Thursday, May 21, 2009

I hope you have a TV at work.

Because you would have seen the speech Dick Cheney gave at AEI late this morning.

What an amazing speech - clearly defending the actions of his Administration and the dangers of Obama's.

The two speeches given today by the President and former VP are as close as we could hope for a debate between the two. How the mainstream media depicts each will be interesting to watch. Yes, you have reason to be pessimistic, but the mere fact Cheney has been given the opportunity to share his vision is nothing but a positive for those that want to keep America safe.

Now I just wonder how quickly we'll see a Draft Cheney for President group on facebook...

UPDATE: Check out Obama messing up the name of his own Defense Secretary. Sorta frightening.


  1. a great article on the Obama and Cheney speechs:

  2. no?

    ok, how about this one?

  3. "Yet for all these exacting efforts to do a hard and necessary job and to do it right, we hear from some quarters nothing but feigned outrage based on a false narrative," Cheney said. "In my long experience in Washington, few matters have inspired so much contrived indignation and phony moralizing as the interrogation methods applied to a few captured terrorists."

  4. Ok, two points:

    1. you're clearly not reading these great articles that I'm suggesting for you. Your loss.

    2. I cannot speak for anyone else but my indignation is neither contrived nor my moral concerns phony. Yes, we're talking about "methods" used on a few prisoners. But what this speaks to is a more profound and fundamental question:

    Are we a nation of laws or not?

    These interrogation techniques were against the law. The OLC memos that said they were ok were unconscionable, so much so that they were discredited and revoked by later Bush administration appointees. And that notwithstanding, no contrived notion of a "unitary executive" gives the President the power to unilaterally breach treaty provisions that were ratified by the Senate (in this case the Geneva Convention), or the ability to deny those under his power either substantive or procedural due process. (both of which were denied in these instances)

    Laws exist for a reason. Once we start making exceptions for people we assume are terrorists, then what is to stop us from making exceptions for those we assume are just regular murderers are rapists, and then after that, people we assume are thieves, and the slippery slope gets steeper and steeper.

    Do I personally care about KSM? Of course not. The man is clearly evil, and I hope he burns in hell for eternity. However, if we aren't a nation of laws, then what are we? Without the rule of law, American Liberty would be bull****, and American Freedom would be bull****, and we couldn't be anything close to the exceptional nation that we all aspire for the U.S. to be, what I believe Reagan referred to it as "the last best hope of man on earth."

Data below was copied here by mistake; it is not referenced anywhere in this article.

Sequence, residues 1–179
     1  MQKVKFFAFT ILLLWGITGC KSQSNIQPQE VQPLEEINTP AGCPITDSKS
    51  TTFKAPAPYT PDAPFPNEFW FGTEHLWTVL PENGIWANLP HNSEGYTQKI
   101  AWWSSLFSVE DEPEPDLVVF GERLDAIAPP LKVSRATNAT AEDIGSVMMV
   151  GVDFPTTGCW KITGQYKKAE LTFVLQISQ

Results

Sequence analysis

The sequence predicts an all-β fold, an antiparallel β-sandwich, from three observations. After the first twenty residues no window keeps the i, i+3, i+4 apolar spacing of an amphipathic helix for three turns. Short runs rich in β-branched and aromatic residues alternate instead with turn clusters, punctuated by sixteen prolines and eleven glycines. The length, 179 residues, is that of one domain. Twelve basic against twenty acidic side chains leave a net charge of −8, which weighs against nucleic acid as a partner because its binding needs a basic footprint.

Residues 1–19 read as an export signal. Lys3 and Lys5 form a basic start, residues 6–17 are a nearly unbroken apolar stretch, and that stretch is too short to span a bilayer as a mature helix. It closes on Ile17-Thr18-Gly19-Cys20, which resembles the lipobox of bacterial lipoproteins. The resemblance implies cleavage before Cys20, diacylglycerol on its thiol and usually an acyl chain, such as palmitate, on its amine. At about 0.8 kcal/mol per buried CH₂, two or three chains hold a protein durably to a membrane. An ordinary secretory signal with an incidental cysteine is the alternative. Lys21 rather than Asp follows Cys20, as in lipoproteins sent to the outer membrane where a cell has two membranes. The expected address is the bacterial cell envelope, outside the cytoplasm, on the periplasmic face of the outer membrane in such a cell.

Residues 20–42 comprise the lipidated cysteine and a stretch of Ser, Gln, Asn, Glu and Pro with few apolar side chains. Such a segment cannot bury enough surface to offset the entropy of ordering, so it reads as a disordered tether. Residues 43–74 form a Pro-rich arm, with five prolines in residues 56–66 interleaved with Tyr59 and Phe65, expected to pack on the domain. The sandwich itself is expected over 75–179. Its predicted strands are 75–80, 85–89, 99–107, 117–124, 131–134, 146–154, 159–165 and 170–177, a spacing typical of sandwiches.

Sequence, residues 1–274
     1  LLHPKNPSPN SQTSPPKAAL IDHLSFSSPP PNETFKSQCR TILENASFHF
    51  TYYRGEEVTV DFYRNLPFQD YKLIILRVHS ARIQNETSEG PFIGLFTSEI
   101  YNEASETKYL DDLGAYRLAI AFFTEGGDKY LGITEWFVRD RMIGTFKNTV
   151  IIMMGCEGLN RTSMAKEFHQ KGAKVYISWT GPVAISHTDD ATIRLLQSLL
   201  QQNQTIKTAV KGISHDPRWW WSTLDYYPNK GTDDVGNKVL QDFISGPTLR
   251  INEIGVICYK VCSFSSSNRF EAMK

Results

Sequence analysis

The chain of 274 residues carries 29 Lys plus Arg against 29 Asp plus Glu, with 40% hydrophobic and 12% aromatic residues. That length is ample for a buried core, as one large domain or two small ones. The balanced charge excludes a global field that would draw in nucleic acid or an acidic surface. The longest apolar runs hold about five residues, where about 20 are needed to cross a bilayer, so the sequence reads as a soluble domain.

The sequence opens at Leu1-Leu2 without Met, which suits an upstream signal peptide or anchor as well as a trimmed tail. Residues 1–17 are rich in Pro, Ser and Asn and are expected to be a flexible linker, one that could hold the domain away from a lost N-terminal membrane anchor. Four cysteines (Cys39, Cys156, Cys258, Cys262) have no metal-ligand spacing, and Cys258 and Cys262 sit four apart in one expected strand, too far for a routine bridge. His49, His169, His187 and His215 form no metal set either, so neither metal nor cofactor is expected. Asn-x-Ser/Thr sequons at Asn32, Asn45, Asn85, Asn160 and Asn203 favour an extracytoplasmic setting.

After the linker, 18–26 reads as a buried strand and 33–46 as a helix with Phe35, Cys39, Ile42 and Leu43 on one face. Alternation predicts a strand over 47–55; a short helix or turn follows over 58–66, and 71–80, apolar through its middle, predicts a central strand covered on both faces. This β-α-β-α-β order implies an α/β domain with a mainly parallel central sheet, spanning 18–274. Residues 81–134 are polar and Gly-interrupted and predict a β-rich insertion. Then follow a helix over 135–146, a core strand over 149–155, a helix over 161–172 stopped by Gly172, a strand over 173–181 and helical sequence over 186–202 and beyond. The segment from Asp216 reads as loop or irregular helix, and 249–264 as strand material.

I cannot bear the thought of an America without law. It goes against every ideal upon which this country was founded, and for which this country has struggled in toil and blood for nearly two and a half centuries.

    It's why you might hear some more outrage from my corner of town, but Mr. Vice President, please don't presume to suggest that its feigned.

  5. But it IS legal.

    See link to Holder's testimony and legal referencing.

  6. ok. I just read your post. It does NOT support the conclusion that these techniques are legal.

    Holder doesn't say it's legal in his testimony. And if his justice department is saying that water boarding is legal, then it too is wrong.

    (for the record, the reason its ok to waterboard navy seals in training, is because Seals subject themselves to it voluntarily! And they stop it anytime by quitting the program.)

    Furthermore, the whole purpose of CIA waterboarding IS TO INDUCE SEVERE PAIN AND SUFFERING SO THAT prisoners are induced to talk. Pain isn't a by-product of the technique, it's the main point, without which the technique serves no purpose. Spanish inquisitors didn't use torture techniques to inflict pain, they did it to get people to recant heresy. But it was still torture!!

    And even the NRO poster is not suggesting that waterboarding doesn't arise to torture in some instances.

    Regardless, this only (rather weakly, I might suggest) argues my Geneva convention point. It says the nothing about violation of due process of law. (And don't even start with how foreigners are entitled to due process. The United States Supreme Court would beg to differ.)

    This whole line of argument is a red hearring

  7. I meant to write: "Don't even start on how foreigner's are NOT entitled to due process)"

  8. I'm not convinced you actually read the link.

  9. Just finished reading it for the seventh time. I stand by my point


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